This week, IoM Friends of the Earth’s Tony Brown looks at the impact of rising ocean acidification on our planet, and our diets
In 2010, a report by the US National Research Council found that pH levels – the level of acidity or alkalinity – at the oceans’ surface had fallen from a measure of 8.2 in pre-industrial times, to 8.1 in modern times.
This has taken place as something between a quarter and a third of man-made CO2 emissions have been added to the natural absorption rates of those oceans.
Since pH is measured on a logarithmic scale, this means that there has been a 10-fold decrease in alkalinity – or to put it another way, an increase in acidity.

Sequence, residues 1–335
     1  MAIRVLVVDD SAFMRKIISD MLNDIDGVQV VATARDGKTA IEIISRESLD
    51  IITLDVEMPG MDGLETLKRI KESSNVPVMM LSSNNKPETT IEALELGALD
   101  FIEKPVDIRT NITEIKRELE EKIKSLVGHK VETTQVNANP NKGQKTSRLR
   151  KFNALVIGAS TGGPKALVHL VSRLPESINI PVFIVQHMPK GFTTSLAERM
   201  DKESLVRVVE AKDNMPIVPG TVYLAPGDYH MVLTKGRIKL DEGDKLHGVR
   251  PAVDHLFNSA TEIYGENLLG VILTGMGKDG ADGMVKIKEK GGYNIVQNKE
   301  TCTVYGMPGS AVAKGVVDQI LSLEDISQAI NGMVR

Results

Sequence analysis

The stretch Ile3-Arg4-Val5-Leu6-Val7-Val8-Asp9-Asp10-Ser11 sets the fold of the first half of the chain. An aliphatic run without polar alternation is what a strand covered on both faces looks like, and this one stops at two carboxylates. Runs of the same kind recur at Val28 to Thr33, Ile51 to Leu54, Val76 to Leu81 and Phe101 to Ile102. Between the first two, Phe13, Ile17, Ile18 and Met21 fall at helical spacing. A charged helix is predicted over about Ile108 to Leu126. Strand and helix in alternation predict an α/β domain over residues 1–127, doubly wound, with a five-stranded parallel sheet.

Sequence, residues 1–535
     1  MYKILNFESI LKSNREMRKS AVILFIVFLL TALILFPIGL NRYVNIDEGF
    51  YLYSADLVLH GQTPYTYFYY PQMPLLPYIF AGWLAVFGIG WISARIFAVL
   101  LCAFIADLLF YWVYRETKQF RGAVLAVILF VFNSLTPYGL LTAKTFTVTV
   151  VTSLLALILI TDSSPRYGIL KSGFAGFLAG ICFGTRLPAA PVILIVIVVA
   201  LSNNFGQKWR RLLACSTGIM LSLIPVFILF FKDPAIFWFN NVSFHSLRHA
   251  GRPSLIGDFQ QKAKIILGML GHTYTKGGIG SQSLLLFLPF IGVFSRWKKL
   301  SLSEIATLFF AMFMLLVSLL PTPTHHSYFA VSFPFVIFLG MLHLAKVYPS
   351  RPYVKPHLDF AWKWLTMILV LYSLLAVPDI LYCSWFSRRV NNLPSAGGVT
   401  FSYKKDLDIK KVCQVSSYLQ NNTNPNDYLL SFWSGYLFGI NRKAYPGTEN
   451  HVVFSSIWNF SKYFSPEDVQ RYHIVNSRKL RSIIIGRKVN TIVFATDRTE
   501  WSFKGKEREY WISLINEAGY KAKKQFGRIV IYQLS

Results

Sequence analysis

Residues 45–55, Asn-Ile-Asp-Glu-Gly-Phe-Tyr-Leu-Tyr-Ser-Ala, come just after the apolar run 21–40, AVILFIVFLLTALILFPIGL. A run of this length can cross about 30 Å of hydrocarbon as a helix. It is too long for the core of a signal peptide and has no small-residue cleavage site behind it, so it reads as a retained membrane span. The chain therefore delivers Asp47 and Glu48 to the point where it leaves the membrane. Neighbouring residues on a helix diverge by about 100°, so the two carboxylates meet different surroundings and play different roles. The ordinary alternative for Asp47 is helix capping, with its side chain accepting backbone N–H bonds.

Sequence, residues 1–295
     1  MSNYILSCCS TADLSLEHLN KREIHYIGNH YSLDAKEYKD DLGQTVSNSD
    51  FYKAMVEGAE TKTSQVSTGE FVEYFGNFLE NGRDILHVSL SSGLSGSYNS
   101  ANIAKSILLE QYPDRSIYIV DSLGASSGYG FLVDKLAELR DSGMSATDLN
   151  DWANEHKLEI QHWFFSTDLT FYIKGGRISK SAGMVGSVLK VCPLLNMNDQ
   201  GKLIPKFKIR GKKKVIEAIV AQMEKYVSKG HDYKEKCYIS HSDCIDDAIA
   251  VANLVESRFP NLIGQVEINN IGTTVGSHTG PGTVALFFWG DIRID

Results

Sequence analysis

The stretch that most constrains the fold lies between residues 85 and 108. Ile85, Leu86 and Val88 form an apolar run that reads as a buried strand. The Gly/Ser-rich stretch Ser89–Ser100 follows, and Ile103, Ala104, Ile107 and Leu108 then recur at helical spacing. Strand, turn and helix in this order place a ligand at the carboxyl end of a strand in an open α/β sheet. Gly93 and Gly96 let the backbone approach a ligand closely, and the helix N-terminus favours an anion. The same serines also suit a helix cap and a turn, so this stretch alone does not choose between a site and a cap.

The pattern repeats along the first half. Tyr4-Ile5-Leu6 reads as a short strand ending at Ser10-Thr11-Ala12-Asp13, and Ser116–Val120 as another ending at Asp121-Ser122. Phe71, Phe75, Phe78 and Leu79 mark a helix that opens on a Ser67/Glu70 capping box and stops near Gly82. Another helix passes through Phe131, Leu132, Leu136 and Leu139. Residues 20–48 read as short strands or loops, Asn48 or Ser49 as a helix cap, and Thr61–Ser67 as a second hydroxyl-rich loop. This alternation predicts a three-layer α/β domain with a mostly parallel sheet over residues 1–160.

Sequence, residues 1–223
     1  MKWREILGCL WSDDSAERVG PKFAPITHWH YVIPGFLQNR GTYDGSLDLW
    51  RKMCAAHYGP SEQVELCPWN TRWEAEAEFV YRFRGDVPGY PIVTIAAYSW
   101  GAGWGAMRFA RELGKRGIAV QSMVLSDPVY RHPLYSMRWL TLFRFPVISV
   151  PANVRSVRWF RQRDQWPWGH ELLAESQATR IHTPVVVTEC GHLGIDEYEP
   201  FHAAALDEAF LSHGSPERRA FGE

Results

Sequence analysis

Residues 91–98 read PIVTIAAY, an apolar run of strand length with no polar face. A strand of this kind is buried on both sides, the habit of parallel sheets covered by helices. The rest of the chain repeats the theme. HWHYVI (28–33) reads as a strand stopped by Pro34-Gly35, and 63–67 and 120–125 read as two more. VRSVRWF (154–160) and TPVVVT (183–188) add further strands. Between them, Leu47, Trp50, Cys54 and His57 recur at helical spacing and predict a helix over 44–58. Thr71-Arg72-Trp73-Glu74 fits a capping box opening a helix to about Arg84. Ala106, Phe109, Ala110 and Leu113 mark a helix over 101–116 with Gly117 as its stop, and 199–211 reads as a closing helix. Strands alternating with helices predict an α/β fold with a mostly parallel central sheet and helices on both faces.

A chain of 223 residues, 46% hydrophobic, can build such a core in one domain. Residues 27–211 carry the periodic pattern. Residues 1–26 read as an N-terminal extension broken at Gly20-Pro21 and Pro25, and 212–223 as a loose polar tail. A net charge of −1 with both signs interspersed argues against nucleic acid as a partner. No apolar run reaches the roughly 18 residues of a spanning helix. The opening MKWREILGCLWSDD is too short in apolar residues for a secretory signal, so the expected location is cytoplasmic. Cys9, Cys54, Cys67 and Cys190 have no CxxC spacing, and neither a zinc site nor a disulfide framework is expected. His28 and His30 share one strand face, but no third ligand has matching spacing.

The rate of change is 100 times faster than anything the world’s oceans have experienced for the last few million years.
By 2100, pH levels could, it’s estimated, drop to between 7.7 and 7.8, if we continue to emit CO2 at present rates. A pH of 7.0 is ‘neutral’, so this is significant – it would be the lowest level for 55 million years, when during the Paleocene-Eocene thermal maximum (PETM), a sudden die-off of shell-based ocean life forms took place in the space of around 1,000 years. If projections are correct, our extra CO2 emissions will cause a similar demise in a few centuries, with no time for species to evolve or adapt.